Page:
Saturday, August 3, 2013

Salad Theory

This post is not about trail food. It is about my most-craved, first-thing-I-want-off-the-trail food: salad.

Salad and chocolate tie for my two favorite foods, but, while I can easily have chocolate on trail (well...unless it's summer), salad is probably the most impractical trail food you can find - it takes up a lot of space for not that many calories. is a great way to celebrate renewed access to fresh produce when you return to the front country, and to replenish some of the vitamins and nutrients that may have been lacking in your back country menu. And with the right ingredients you can make it substantial enough to be a whole meal in itself.

So, now that you know that salad is one of my two favorite foods, you should also know that I am a salad artist. And, as such, I have a whole theory about making salads. And this theory works; my salads are really good. Ask my boyfriend Max. He said he started dating me for my salad making abilities. Well, maybe he didn't say it like that, but he did say that when we first started dating, he was "really impressed" with how well I could make salads. And then I knew we were supposed to be together because he was really good at making salad dressings, and introduced me to my all-time favorite dressing that comes from his family.

Here it is: my cornerstone work on the theory of salad. I'm not sure if you'll ever meet anyone who has put as much thought into how to make a good salad as I have, so this is lucky for you that you have found this page.


If it is organic and mostly clean I don't wash it because dry lettuce is essential. If it is dirty or non-organic, rinse it really well and then either let it drip dry for a long time, dry it in a salad spinner, or pat it dry with tea towels. Again, it is important that the lettuce be pretty dry (although it doesn't have to be all the way dry) or else all the excess water will dilute the dressing and interfere with the adherence of the dressing to the leaves.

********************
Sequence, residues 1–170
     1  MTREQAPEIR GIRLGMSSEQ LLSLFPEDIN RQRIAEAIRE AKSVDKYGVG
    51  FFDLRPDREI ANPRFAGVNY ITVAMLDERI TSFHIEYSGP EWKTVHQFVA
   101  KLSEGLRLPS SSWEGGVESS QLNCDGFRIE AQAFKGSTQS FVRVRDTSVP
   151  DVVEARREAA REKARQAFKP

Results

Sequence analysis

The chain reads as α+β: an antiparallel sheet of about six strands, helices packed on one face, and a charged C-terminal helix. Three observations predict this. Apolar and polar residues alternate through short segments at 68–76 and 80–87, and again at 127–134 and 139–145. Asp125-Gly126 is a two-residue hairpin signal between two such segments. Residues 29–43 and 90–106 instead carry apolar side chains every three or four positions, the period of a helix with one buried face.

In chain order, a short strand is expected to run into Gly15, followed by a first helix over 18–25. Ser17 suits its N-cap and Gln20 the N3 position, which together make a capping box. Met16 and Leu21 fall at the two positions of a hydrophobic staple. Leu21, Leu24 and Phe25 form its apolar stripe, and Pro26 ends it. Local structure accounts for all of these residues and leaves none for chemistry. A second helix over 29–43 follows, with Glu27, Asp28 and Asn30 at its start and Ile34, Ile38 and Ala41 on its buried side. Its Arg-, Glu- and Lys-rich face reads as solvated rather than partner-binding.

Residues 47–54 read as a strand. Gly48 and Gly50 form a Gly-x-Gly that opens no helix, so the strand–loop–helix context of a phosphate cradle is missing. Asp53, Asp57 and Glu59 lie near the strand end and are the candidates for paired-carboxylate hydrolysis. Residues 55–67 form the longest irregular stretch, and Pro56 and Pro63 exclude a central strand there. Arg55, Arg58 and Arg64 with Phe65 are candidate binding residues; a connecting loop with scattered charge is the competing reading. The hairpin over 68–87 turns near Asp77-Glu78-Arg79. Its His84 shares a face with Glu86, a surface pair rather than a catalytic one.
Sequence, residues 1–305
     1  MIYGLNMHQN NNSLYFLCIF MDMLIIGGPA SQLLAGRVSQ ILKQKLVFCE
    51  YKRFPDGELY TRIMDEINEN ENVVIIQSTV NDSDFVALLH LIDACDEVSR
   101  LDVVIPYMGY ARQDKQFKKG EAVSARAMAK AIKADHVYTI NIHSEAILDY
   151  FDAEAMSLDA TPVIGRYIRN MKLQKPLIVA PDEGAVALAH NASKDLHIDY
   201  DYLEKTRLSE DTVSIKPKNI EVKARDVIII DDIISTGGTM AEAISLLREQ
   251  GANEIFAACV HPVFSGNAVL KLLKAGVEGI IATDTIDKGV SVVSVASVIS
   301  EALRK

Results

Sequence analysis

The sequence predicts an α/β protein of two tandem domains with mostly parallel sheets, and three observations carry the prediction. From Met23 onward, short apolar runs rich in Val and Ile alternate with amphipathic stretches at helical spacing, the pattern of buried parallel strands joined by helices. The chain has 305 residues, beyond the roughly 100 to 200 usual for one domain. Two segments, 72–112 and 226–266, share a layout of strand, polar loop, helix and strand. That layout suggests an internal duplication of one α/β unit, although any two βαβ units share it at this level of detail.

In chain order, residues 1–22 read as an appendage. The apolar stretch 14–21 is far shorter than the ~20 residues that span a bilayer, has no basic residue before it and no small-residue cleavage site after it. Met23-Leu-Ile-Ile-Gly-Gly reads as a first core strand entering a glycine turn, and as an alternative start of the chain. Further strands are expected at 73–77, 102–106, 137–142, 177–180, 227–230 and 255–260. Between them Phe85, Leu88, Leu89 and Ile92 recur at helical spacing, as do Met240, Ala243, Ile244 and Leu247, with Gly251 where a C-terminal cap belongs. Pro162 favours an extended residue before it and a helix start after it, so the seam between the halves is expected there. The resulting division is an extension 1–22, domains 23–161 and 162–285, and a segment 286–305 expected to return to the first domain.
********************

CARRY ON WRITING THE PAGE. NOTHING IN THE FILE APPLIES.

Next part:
I think herbs are essential to salads. And not in the way most people use them, which is to add a tablespoon or two of chopped leaves. I try to put in at least a quarter cup to a half cup total of different kinds. It sounds like it will be overwhelming, but it's not. The normal amount is underwhelming, so go crazy and enjoy. My favorites are parsley, cilantro, green onions, and basil. If I have all of them, I'll throw them all in.

Dressing Binder:

This isn't a necessary addition, but there are things that I think of as "dressing binders" that help absorb dressing and then stick to the lettuce leaves so you get more dressing in each bite! These things include: grated carrot, grated cheeses, flax seed, and avocado. Not every salad I make has these things, but the better ones do.


Use any kind of dressing you like. My favorites are the vinaigrettes, and I've shared my favorite vinaigrette recipe below. The most important thing about the dressing though is that you must add it to the salad and toss it VERY, VERY well before serving it! Salads are infinitely better if they have been thoroughly tossed with the dressing, rather than serving the vegetable part and the dressing part separately and each person pouring a little spoonful over their salad.


Toss it A LOT. When you think you are done, keep tossing. Make sure everything is coated and then toss again. Believe me, it's important. If you don't believe me, you can do a test: Make two salads, toss one for 15 seconds, and toss the other one for a whole minute and see which one is better.

Basic Ingredients:

Ingredients will vary a lot depending on what's available to you due to the season or what's at the store that day. My basic salad has most or all of these ingredients:

  • Lettuce
  • Baby spinach
  • Grated carrots (if I'm in a rush, I'll just chop them)
  • Chopped red bell pepper
  • Chopped avocado
  • Fresh herbs 
  • Grated cheese


I add these ingredients when I want to make a stick-to-the-ribs salad, which is probably what you'll want when you get off-trail:

  • Flax seed - a couple tablespoons
  • Sunflower seeds - a handful or two
  • Olives
  • Shredded or chopped chicken, pork, beef, or sausage
  • Smoked trout or salmon
  • Chopped nuts: walnuts, almond, macadamias, pistachios
  • Raisins or dried cranberries
  • Sour cream

Bama's Salad Dressing

Ooh...this is going to be tricky because it's one of those recipes you don't measure out. If you make it enough you'll get your own feel for how you like the proportions.

  • 3 large garlic cloves, peeled
  • a healthy couple pinches of sea salt (it will seem like a lot but, trust me, the salt makes this dressing)
  • extra virgin olive oil
  • vinegar (your choice here; my favorite is balsamic, or a flavored balsamic like fig balsamic, but you can also use apple cider or red wine or any other kind of vinegar)

  1. Put the garlic cloves and salt in a mortar and pestle and mash it all up until the cloves turn into a paste.
  2. Pour a couple tablespoons each of vinegar and olive oil over it (I think I usually tend towards more olive oil than vinegar, but proportions are to your own tastes). 
  3. Let the dressing sit for at least 5 minutes, but longer is better, because the garlic will start to infuse into the oil and vinegar and make it more flavorful, and the oil and vinegar will start to cure the garlic and it won't taste so raw when you get a little piece of it. I like to let it sit overnight.

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